The Environmental Protection Agency has denied requests from several governors, including Georgia Gov. Nathan Deal, to waive production requirements for corn-based ethanol.
A renewable fuels law requires that 13.2 billion gallons of ethanol be produced by this year and 15 billion gallons be produced by 2015. That’s good for corn farmers, but it has angered poultry, hog and cattle farmers who say they’ve seen big jumps in corn-based feed costs as the crop is diverted to make fuel.
Deal, whose home county of Hall is the epicenter of Georgia’s poultry industry, wrote to EPA Administrator Lisa P. Jackson in August.
“In addition to the direct economic damage from drought within the border of our state, Georgia is heavily dependent on grain produced in other states to support its poultry and livestock industries,” Deal wrote.
States requesting the waiver say reduced corn production due to this year’s drought — which ravaged corn-producing Midwestern state — has made the problem even worse.
Emory Forrester, director of feed milling and feed delivery for Baldwin-based poultry processor Fieldale Farms, in an earlier interview said 98 percent the corn it uses comes from the Midwest.
Chicken feed is composed of 60 percent corn, 20 percent soy and 20 percent other ingredients, such as minerals, Forrester said.
Governors of North Carolina, New Mexico, Texas, Virginia, Maryland, Delaware, Utah, and Wyoming also asked for the waiver, along with members of Congress and a coalition of farm groups and other industries that have opposed increased ethanol production.
Abit Massey, president emeritus of the Georgia Poultry Federation, said he was “disappointed and sorry to hear” that the waiver was denied. Current president Mike Giles echoed his disappointment, saying that the evidence presented to the EPA was more than sufficient to prove the unintentionally negative consequences of the law.
“When Congress originally established the requirement, they foresaw there might be harm, they therefore put in this provision to suspend the mandate in circumstances like this,” Giles said. “We think the drought coupled with the mandate creates a short supply of corn, such that the provision should be used.”
He added, “If it’s not going to be used on this extraordinary circumstances, when will it be used?”
The EPA said Friday that the agency has studied the effects of waiving the requirement and officials believe it would have had little impact on corn prices.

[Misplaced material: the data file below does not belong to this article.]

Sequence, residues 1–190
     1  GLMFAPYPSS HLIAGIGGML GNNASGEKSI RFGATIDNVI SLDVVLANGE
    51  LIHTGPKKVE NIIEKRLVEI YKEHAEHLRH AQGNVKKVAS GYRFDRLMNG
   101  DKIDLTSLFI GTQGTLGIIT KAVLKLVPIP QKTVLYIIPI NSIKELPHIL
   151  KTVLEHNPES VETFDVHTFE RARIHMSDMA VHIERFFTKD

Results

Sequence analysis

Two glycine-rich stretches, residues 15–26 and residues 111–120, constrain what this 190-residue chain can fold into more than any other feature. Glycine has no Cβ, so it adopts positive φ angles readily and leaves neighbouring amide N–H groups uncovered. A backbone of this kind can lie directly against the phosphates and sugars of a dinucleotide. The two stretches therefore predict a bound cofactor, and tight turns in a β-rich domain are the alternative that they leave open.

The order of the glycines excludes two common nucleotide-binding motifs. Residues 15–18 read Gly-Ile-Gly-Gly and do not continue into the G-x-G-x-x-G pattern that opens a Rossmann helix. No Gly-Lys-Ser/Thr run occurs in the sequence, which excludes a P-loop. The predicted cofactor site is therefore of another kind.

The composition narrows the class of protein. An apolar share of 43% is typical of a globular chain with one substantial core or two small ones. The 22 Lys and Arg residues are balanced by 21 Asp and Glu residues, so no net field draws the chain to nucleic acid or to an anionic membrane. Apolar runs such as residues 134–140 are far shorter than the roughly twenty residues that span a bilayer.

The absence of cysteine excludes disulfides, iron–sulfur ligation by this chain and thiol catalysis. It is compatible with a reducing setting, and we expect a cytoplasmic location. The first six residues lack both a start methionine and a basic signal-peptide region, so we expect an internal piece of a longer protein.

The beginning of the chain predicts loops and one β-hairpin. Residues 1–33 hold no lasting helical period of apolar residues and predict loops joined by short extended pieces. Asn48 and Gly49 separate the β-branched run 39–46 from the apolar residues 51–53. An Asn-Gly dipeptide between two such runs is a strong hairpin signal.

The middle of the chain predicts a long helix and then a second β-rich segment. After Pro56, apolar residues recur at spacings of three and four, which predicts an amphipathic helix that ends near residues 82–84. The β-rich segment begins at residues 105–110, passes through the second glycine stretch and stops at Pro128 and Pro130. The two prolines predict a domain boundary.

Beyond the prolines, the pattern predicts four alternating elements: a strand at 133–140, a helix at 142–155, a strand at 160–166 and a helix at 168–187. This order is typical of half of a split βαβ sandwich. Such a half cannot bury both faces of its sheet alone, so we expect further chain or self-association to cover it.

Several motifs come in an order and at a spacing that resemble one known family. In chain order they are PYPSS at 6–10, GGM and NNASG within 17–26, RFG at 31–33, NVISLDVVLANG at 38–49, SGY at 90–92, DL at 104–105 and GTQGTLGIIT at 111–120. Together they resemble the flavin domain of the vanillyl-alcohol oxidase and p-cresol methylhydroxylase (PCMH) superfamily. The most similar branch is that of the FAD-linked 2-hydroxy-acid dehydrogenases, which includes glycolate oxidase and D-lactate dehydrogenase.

“We recognize that this year’s drought has created hardship in some sectors of the economy, particularly for livestock producers,” said Gina McCarthy, assistant administrator of the EPA’s Office of Air and Radiation. “But our extensive analysis makes clear that congressional requirements for a waiver have not been met and that waiving the Renewable Fuel Standard will have little, if any, impact.”
Under the EPA’s interpretation of the renewable fuels law, first passed in 2005 and then significantly expanded in 2007, it is not easy to qualify for a waiver. The EPA can grant a waiver if the agency determines that the set ethanol production would “severely harm” the economy of a state, region or the entire country.
It’s not enough if the standard just contributes to the harm, the EPA said, noting the agency also has a high threshold for the degree of harm done.
Beyond Georgia, there was a uniformly angry reaction to the decision in the poultry industry.
“We are extremely frustrated and discouraged that EPA chose to ignore the clear economic argument from tens of thousands of family farmers and livestock and poultry producers that the food-to-fuel policy is causing and will cause severe harm to regions in which those farmers and producers operate,” the coalition said in a statement.
Environmental groups also have opposed increased ethanol production, saying the excess corn planting is tearing up the land.
Scott Faber, a lobbyist for the Environmental Working Group, said this most recent waiver denial may further energize ethanol opponents to lobby Congress to repeal the entire renewable fuels law and not “tinker with a safety valve that is too tight for either a Democratic or Republican administration to turn.”
Going forward, Giles said he hopes the industry can work with Congress to modify the law.
“Actually a bill was introduced, one that waives or reduces the ethanol mandate when certain triggers are set off, on a sliding scale. Those are the kind of reasonable approaches we need,” he said.
The Bush administration turned down a request by Texas Gov. Rick Perry in 2008 to waive the mandate because of drought in his state.
The Associated Press contributed to this report.